Wyden, Collins, Dodd Seek Ban on Dangerous Novelty Lighters
Toy look-a-likes cause severe injuries and death to children
WASHINGTON, DC - Responding to calls from fire prevention and child safety groups across the country, U.S. Senators Ron Wyden (D-Ore.), Susan Collins (R-Maine), and Chris Dodd (D-Conn.) today introduced the "Protect Children from Dangerous Lighters Act" legislation banning cigarette lighters constructed to look like toys or regular household items. Commonly referred to as "novelty lighters," the toy-like devices, which naturally appeal to small children, have been the cause of deadly fires across the country.
"Because they are so well disguised as toys, novelty lighters have children literally playing with fire," said Wyden. "A nationwide ban, which is supported by fire fighters and consumer groups alike, is the best way to keep these dangerous products out of the hands of youngsters."
Senator Collins said, "Novelty lighters can be deadly to young children and should be banned. While Maine is among states that have already approved such a ban, the ban should be nationwide. This is commonsense legislation that could help prevent additional injury and death of children resulting from lighters that look like toys or other items."
"While they may appear to be harmless toys, novelty lighters can be incredibly dangerous to young children," Dodd said. "I am proud to join Senators Wyden and Collins in introducing this legislation to ensure that no family is forced to face a tragedy because an innocent child confused a lighter for a toy."
The lighters have caused tragic accidents across the country. In Oregon, one boy died and another sustained permanent brain damage after the two played with a novelty lighter shaped like a dolphin. A lighter shaped like a cell phone caused second degree burns to a young boy in North Carolina. In Arkansas, a two year old and 15-month old died in a fire they accidentally started by playing with a lighter shaped like a toy motorcycle.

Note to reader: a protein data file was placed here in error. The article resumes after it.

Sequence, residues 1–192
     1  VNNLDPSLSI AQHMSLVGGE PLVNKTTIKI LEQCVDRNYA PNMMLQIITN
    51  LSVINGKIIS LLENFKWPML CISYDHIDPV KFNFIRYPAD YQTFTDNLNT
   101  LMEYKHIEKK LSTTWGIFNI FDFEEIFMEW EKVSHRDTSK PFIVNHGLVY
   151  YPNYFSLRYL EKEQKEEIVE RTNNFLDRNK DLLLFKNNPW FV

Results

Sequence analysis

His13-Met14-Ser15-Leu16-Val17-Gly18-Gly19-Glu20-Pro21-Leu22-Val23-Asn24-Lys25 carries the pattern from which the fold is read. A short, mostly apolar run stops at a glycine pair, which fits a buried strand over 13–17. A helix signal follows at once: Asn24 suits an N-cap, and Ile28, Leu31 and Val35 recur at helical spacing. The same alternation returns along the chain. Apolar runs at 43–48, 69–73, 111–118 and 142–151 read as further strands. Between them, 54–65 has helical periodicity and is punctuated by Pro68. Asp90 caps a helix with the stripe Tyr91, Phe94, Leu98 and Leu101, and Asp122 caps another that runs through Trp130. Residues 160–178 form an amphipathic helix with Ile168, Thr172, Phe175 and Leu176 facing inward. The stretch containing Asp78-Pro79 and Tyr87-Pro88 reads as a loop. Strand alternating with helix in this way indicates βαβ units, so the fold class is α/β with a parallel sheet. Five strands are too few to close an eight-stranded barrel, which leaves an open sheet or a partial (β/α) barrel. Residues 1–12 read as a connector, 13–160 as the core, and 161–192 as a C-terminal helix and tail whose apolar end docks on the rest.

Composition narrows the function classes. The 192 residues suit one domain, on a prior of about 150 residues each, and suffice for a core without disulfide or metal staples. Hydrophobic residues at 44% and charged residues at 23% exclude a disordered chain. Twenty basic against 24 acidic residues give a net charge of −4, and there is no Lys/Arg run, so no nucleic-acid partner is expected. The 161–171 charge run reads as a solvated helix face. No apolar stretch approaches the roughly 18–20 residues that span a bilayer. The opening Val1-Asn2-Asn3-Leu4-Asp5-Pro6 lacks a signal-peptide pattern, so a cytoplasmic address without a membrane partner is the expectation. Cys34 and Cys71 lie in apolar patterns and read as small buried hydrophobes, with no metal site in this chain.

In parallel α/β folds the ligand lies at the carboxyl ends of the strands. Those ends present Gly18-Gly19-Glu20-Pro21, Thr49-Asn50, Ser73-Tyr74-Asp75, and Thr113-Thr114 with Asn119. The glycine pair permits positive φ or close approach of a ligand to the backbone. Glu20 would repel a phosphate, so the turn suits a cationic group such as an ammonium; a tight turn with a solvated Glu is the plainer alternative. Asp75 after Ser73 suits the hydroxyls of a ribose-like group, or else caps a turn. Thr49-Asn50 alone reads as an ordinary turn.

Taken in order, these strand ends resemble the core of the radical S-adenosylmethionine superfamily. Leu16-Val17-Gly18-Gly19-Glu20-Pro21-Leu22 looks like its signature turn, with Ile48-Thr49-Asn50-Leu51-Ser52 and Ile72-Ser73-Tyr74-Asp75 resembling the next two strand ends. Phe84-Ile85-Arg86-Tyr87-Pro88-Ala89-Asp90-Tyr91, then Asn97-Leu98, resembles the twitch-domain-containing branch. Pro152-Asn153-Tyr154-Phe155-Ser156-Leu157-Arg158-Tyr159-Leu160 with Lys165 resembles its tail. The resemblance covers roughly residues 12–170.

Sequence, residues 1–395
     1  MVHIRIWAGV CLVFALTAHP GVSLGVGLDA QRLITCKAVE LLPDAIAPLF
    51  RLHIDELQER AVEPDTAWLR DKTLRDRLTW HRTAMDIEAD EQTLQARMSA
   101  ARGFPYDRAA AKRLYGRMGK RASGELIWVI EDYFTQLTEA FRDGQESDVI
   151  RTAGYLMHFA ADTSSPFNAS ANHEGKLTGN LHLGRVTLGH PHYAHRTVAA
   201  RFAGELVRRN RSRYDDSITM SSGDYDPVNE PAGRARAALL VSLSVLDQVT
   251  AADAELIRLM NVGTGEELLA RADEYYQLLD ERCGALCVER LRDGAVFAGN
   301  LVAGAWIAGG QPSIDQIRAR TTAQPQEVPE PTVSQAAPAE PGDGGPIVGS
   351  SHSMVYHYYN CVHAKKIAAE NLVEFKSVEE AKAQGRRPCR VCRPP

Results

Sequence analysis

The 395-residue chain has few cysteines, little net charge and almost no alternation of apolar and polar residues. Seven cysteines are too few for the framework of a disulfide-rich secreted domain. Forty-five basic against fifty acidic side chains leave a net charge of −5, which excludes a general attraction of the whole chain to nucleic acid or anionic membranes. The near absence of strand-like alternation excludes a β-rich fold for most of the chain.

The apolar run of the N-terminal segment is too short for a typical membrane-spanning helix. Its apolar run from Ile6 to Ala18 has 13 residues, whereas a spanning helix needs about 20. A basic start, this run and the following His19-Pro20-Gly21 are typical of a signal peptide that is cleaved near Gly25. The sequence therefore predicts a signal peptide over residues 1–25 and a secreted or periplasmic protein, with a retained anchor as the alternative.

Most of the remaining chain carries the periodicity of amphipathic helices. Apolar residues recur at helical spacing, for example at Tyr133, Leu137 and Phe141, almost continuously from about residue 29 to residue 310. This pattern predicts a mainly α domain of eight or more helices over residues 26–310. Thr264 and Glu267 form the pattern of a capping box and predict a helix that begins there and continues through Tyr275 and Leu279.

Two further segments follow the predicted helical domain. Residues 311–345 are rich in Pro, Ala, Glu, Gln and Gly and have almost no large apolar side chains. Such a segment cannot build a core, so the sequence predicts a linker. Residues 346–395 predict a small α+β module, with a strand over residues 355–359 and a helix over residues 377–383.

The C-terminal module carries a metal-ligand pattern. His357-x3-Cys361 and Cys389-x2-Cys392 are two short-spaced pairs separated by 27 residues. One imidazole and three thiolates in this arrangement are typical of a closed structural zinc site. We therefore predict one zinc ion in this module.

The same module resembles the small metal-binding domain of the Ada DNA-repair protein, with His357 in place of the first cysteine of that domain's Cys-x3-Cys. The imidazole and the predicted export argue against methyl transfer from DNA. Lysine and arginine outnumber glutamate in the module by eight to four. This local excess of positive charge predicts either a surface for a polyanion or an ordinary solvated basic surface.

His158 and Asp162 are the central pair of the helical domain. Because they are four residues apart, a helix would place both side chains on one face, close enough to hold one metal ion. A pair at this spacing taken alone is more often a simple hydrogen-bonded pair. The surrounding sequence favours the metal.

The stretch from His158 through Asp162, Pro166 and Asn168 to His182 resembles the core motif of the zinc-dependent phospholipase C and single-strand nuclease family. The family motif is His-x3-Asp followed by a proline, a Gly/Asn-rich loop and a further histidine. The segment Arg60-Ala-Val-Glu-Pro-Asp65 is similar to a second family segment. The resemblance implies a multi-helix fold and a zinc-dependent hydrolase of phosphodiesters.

The ban would require the Consumer Product Safety Commission to treat novelty lighters as a banned hazardous substance which would prohibit the manufacture, importation, or sale of the lighters anywhere in the country. Currently the lighters are easily purchased in convenience stores in many states, though Maine and Tennessee have passed novelty lighter ban legislation and similar bans are being introduced in other states, including Oregon. A ban is also in place in the European Union.
A federal ban is supported by fire-fighting and consumer and child safety groups including the National Association of Fire Marshals, the Congressional Fire Institute, Safe Kids USA, the Consumer's Union, and the Consumer Federation of America. In addition, the ban is supported by the cigarette lighter industry, represented by the Lighter Association. Novelty lighters are largely imported from China.